Birmingham is the first city to see brilliant new microscopic artworks by the internationally renowned artist Willard Wigan MBE. His stunning solo show ‘In The Eye of The Needle’ showcases 21 works from the artist’s collection in the historic Jewellery Quarter. The exhibition brings together Wigan’s interpretations of artistic masterpieces, religious icons and fairy tale figures, each positioned in the eye of a needle or on the head of a pin.
Born in Wolverhampton, Wigan first began creating miniature art works when he was at school, or rather playing truant in the shed at the end of his garden. It was during his childhood that he experimented with what he refers to as “a world which we can’t see”, making tiny houses for ants and other insects. He explains that he “became their landlord, although they didn’t pay any rent”! It was his mother who advised and encouraged him to make his sculptures smaller in size: “I remember my mum saying to me: ‘You will get bigger by making things smaller’”.
Wigan reveals that creating each of these works is painstaking: “I’ve only done about 300 pieces in my whole life – each one can take three months”. During the process he will hold his breath whilst manipulating materials on a molecular level, often working through the still of the night, with materials from grains of sand and dust fibres to gold. To carve his figures, Wigan uses surgical blades or hand-made tools, some of which are custom made by attaching a shard of diamond to a pin.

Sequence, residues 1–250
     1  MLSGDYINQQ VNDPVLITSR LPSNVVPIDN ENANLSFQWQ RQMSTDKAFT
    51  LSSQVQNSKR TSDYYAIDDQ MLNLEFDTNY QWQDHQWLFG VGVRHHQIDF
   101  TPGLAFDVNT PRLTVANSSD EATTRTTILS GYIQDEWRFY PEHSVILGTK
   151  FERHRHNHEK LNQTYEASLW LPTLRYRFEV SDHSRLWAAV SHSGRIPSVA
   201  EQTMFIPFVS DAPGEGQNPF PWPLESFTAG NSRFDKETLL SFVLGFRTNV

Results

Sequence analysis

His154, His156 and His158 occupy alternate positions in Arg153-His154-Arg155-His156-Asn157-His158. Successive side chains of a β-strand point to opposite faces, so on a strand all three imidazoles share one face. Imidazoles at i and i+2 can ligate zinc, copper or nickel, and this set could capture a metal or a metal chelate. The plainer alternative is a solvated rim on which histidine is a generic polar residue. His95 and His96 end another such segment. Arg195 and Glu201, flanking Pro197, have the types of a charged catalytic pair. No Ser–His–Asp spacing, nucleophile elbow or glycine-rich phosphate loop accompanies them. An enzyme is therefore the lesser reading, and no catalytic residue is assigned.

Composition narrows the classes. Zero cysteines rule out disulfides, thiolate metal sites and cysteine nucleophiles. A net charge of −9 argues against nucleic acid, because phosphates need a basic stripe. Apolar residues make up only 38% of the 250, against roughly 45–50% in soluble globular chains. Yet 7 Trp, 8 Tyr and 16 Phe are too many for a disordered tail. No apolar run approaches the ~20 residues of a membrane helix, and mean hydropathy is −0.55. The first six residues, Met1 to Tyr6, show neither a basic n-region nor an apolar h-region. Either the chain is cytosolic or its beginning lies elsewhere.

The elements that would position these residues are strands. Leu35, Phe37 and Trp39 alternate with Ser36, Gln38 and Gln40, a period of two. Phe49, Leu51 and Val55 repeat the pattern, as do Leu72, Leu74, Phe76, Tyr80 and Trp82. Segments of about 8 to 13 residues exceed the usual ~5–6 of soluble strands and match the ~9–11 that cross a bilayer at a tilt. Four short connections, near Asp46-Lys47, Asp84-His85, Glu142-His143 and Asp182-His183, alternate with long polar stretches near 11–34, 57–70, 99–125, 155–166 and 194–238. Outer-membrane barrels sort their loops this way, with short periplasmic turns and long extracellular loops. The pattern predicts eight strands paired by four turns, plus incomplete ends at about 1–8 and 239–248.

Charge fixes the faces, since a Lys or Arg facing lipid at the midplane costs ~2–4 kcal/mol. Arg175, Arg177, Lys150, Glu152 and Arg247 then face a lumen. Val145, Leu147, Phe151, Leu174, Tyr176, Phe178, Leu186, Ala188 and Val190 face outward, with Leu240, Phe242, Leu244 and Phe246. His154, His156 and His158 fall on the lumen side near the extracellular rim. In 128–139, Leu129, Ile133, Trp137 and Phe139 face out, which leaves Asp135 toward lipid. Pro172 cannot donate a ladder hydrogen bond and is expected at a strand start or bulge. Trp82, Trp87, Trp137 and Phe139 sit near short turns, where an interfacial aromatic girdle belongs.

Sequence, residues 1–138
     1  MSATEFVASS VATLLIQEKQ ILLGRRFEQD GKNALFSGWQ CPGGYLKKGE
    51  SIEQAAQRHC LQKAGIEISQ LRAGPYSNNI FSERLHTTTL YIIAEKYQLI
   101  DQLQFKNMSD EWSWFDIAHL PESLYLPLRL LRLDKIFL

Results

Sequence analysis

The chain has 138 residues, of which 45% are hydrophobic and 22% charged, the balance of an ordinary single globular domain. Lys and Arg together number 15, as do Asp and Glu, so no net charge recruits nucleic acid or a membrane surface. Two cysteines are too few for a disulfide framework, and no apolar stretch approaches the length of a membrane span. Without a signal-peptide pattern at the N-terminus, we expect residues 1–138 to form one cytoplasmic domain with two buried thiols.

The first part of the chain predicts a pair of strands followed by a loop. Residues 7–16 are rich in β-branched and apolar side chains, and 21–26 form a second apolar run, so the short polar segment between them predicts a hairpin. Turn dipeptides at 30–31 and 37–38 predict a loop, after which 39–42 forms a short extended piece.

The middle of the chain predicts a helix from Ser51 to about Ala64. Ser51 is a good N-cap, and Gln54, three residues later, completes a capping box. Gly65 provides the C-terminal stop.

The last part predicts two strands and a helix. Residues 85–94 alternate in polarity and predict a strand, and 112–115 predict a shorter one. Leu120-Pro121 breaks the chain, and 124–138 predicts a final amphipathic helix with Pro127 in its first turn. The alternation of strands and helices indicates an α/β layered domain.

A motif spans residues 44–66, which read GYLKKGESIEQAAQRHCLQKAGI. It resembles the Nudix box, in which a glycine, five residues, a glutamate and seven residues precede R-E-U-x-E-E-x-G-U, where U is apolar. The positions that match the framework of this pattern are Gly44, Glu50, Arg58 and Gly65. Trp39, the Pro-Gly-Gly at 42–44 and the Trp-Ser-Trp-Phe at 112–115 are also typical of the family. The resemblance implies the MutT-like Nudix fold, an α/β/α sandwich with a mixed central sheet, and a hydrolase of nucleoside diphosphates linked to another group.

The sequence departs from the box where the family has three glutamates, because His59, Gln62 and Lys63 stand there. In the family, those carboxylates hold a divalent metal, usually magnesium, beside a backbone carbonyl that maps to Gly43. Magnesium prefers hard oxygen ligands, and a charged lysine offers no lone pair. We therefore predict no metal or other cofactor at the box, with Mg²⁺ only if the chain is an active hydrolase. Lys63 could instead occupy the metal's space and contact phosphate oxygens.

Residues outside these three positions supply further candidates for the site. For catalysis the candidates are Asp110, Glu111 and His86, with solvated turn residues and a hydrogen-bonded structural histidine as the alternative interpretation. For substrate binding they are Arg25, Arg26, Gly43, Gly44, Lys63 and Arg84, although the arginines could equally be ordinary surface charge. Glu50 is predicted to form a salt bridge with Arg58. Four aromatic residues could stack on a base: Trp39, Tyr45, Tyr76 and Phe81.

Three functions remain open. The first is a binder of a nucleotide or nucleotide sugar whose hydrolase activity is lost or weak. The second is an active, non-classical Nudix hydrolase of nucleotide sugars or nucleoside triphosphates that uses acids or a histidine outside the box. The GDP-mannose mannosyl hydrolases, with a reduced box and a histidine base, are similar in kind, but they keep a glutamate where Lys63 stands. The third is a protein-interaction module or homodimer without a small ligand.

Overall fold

“My art proves that just because you can’t see something (with your naked eye) doesn’t mean that it’s not there. I wanted to show how big nothing has become and how big you can become with nothing”.
I am captivated by Wigan’s magical world. Unable to see the works with my naked eye, I look through microscopes at each of the of mesmerising miniatures, enticed to look closer at the world’s smallest Pair of glasses on a pin head, Little Red Riding Hood and Pinnochio, whose arms stretch out to the edges of the needle eye. There is a humour to many of the works, including a microscopic William Shakespeare, accompanied by a scroll which reads ‘To see or not to see’.
Alongside the new pieces, visitors are also able to see some of Wigan’s most popular sculptures, which include Evolution (from ape to man), and more religiously themed scenes such as The Last Supper and Christ the Redeemer, who it set against a bright blue sky. I am in awe at Wigan’s Guinness World Record holding sculpture Golden Voyage – a motorbike carved from specs of gold inside a hollowed out human hair.
I would say you have to see it to believe it, but I still can’t quite comprehend how Willard has created these intricate, magical micro-sculptures. He has rightly earned his title as ‘The Eighth Wonder of the World’.
“People find it very, very difficult to believe what I’ve done. Scientists have seen my work and they can’t explain it. Even nano-scientists have been totally shocked. But if any man wants to challenge me, I’m ready. Bring it on.”
‘In The Eye of The Needle’ will be open from Friday 4th August to Saturday 28th October, Tuesday to Saturday 10.30am – 5.00pm at Birmingham’s Museum of the Jewellery Quarter. Entry to the exhibition, including a tour of the museum, costs £10 for adults, £5 for children and £8 for concessions. There will also be Willard Wigan exhibition only tickets available – costs £5 for adults, £2.50 for children and £4 for concessions. To find out more, and to book tickets, you can visit the website here.
Willard Wigan has also designed a bear for The Big Sleuth trail which will be on display at Birmingham Museum & Art Gallery from Monday 10th July. The bear will have a surprising secret that visitors will need to discover when they visit.
Museum of the Jewellery Quarter is currently recruiting for Volunteer Exhibition Interpreters to work at the exhibition. If you have an interest in Willard Wigan’s work and would like to share this exhibition with visitors please find out more and apply online here.